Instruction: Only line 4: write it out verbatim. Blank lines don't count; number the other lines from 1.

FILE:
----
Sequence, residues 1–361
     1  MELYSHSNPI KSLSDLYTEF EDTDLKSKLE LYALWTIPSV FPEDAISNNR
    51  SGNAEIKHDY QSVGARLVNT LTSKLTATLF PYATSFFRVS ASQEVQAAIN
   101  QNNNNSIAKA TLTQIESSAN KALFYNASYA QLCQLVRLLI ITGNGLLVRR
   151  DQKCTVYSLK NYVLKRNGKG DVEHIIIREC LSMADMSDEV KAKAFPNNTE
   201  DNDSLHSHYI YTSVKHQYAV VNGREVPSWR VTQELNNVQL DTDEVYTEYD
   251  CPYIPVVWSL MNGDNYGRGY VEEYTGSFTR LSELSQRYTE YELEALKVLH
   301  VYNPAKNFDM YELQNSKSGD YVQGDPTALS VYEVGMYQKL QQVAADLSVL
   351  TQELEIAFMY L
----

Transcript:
   101  QNNNNSIAKA TLTQIESSAN KALFYNASYA QLCQLVRLLI ITGNGLLVRR